Set the Controls for the "Heart" of the Sum: Robert Spalding Newcomb's music adds form to freedom

MUSIC PREVIEW INTERVIEW

Robert Spalding Newcomb's Dance of the Heart

Robert Spalding Newcomb, Ken Kozora, and Erik Gottesman performing "Dance of the Heart" on March 13, 2018, at Riverside Arts Center in Ypsilanti.

In "The Heart Sutra," one of Buddhism's most famous texts, there's a line that's often translated as "form is emptiness and the very emptiness is form."

I don't know if this particular sutra informed Robert Spalding Newcomb's structured improvisation "Dance of the Heart," but this long-form piece revels in the sort of free-flowing ambiance that feels simultaneously disembodied and corporeal. The music is an ode to freedom and that freedom helps shape the music's form.

Newcomb is a polymath -- computer expert, software developer, yoga teacher, stringed-instrument virtuoso (guitar, sitar) -- who combines all his talents to create modern music that's rooted in ancient traditions. "Dance of the Heart" is a reflection of that unique skillset, combining electronic percussion, synths, and effects-laden guitar.

"Dance of the Heart" premiered March 13, 2018, at the Riverside Arts Center in Ypsilanti -- you can watch the high-quality video here -- with Newcomb (guitar, sitar, laptop), Ken Kozora (electronic and acoustic percussion, iPad, trumpet), and Erik Gottesman (analog synthesizers, bio-sensors with EEG/shortwave/Theremin-style gesture proximity and ribbon controllers). The trio is reuniting at Riverside Arts for another performance of "Dance of the Heart" on 

Newcomb explained the concept behind "Dance of the Heart" in an email interview:

Jimi Hendrix's Experience: Jas Obrecht's "Stone Free" goes deep into the guitar great's transformative 10 months in London

MUSIC WRITTEN WORD PREVIEW INTERVIEW

Jas Obrecht and Jimi Hendrix

The life of guitar legend Jimi Hendrix has been explored in numerous biographies and documentaries, so you could be forgiven for being skeptical as to why the world needs another book about the man widely considered to be the greatest guitarist of all time and a major influence on the sound of rock music. Jas Obrecht's new offering on the subject, however, takes a much closer look at a specific period in the life of Hendrix.

Stone Free: Jimi Hendrix in London, September 1966-June 1967 is a detailed, day by day look into the guitar great's arrival in England and his rapid rise from obscurity to fame. Obrecht's book puts into perspective just how quickly and completely Hendrix revolutionized pop music. The supporting cast is a who's who of British rock icons including The Beatles, The Rolling Stones, The Who, The Animals, and many others. I had the pleasure of sitting down for an interview with the author, who has written nearly 200 cover stories for Guitar Player and other music magazines as well as a number of books on blues and rock.

Obrecht will be reading from his new book on Thursday, February 14, 7 pm, at Literati Bookstore in Ann Arbor. Below is the conversation we had, slightly edited for flow.

Call Me: Telephon9 rings up dance-floor-friendly electro-pop

MUSIC PREVIEW INTERVIEW

Telephon9

Telephon9 is from the birthplace of techno, which the Detroit trio blends with pop/EDM and house to create upbeat music that's full of pulsating energy.

Founder Chris Call, Jair Alexander, and Adari “BaseMODE” Perkins count Black Eyed Peas, Daft Punk, Calvin Harris, and Outkast among their influences, and all the members contribute writing, production, and vocals to Telephon9's infectious sound: when their music starts, you’re ready to dance. 

Telephon9 will perform at AADL's downtown branch on Friday, February 8 at 7 pm in concert as a part of the library’s Black History Month programming. We spoke with the group about their journey from acting to music, the Ann Arbor music scene, their upcoming studio release, and more.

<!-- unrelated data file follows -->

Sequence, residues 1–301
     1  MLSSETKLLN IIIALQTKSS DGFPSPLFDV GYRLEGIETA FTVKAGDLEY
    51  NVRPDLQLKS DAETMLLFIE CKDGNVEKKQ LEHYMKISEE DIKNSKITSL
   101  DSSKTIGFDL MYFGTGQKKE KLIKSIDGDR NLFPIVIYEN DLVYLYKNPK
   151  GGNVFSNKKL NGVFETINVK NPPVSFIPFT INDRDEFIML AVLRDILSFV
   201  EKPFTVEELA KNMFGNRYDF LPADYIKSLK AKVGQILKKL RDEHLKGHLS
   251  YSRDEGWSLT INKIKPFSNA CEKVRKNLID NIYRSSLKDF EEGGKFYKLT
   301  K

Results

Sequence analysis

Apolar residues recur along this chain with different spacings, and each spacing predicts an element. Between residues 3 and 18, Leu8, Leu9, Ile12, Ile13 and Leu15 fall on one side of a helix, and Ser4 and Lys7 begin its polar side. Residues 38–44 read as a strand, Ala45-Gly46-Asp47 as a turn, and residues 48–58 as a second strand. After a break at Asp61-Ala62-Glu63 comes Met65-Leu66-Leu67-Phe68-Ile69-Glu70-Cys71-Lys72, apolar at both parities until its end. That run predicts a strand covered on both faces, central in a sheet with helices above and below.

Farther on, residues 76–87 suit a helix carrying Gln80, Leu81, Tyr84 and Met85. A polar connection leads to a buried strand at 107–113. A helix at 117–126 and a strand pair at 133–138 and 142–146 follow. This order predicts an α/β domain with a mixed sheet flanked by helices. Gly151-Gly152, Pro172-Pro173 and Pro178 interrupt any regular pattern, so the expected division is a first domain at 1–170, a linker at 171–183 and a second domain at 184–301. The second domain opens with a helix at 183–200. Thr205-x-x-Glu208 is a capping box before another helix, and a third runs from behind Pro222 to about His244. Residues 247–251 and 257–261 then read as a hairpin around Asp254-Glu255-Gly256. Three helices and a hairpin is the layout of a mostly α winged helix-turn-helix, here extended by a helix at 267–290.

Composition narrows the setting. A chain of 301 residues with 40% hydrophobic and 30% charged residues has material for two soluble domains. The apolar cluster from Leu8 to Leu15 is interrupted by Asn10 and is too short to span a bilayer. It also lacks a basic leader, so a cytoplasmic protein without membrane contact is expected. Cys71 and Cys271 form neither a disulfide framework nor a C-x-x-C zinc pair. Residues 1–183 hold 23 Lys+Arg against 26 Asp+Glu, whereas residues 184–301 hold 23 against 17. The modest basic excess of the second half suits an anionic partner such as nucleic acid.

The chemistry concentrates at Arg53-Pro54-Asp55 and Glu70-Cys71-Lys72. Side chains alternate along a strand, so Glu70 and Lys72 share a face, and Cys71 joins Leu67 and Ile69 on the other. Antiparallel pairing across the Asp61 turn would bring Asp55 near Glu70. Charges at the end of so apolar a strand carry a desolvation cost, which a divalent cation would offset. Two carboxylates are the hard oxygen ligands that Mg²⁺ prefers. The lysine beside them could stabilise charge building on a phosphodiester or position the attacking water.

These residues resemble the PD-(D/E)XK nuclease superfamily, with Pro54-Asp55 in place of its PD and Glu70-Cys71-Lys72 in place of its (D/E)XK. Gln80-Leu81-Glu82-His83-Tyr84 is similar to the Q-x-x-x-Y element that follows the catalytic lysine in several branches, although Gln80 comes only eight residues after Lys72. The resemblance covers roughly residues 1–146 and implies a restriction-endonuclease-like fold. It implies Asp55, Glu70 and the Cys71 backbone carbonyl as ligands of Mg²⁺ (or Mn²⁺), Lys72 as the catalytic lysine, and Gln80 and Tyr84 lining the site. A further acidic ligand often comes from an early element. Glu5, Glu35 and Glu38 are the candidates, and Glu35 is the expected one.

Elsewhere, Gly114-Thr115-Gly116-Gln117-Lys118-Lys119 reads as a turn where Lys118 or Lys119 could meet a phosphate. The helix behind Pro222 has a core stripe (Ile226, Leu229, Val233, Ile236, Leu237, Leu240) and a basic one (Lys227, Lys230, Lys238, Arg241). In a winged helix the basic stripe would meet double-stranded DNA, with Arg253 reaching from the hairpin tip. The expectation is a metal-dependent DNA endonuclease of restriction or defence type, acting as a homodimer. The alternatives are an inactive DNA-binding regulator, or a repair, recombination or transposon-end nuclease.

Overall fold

Earth, Water, Wind, and Fire Flow Through "Elemental: A Collection of Michigan Creative Nonfiction" edited by Anne-Marie Oomen

WRITTEN WORD PREVIEW INTERVIEW

Anne-Marie Oomen and her book Elemental

Photo of Anne-Marie Oomen by Emily Mae Harpe

Can you fully know a place?

This might be a trick question. As a Michigan native, I have an intimate knowledge of the state, but there are still new things to learn about it. There are unexplored towns, myriad events, acres of forest, and miles of shoreline.

Plus, my understanding of Michigan comes from my perspective, which is one reason why I appreciated the original views and varied essays in the recently published Elemental: A Collection of Michigan Creative Nonfiction edited by Anne-Marie Oomen

Elemental contains 24 essays, each presenting a unique angle on the state. Some are deeply rooted in Michigan places and characteristics, and others more tenuously tied to the state. All relate to an element -- earth, water, wind, fire -- present in Michigan. Elemental is a 2019 Michigan Notable Book, a Library of Michigan award for books published in the previous year. 

Oomen, a writer with an essay included in Elemental, pens poetry, nonfiction, and plays. Her books include The Lake Michigan Mermaid with Linda Nemec Foster, Pulling Down the Barn, House of Fields, An American Map: Essays, Uncoded Woman, and Love, Sex and 4-H. She has also edited Looking Over My Shoulder: Reflections on the Twentieth Century. Her seven plays include Secrets of Luuce Talk Tavern. In addition to her writing, she is an instructor at the Solstice MFA at Pine Manor College and Interlochen College of Creative Arts. 

Oomen will speak with a panel of authors from Elemental at Literati Bookstore on Monday, February 11, at 7 pm. The panel will include Ari L. Mokdad, Alison Swan, Michael Steinberg, and Keith Taylor. All will read and discuss Michigan literature.

Here, Oomen answers questions about Elemental, Michigan, and her writing. 

Skyline grad and WCC student Sam Martin is on his way to making history

PULP LIFE PREVIEW INTERVIEW

Sam Martin

You might not know Sam Martin at the moment, but at the rate he's going, you will soon.

This young poet and speaker has a bright future ahead of him and he’s only getting started. I first met the young star during an event at AADL last summer in which he was an attendee. He had an eager spirit and later I was introduced to his speaking videos on YouTube. Most notably, he has done two TEDx Talks through an opportunity at Ann Arbor’s own Skyline High School. Both of these videos have together racked up thousands of views.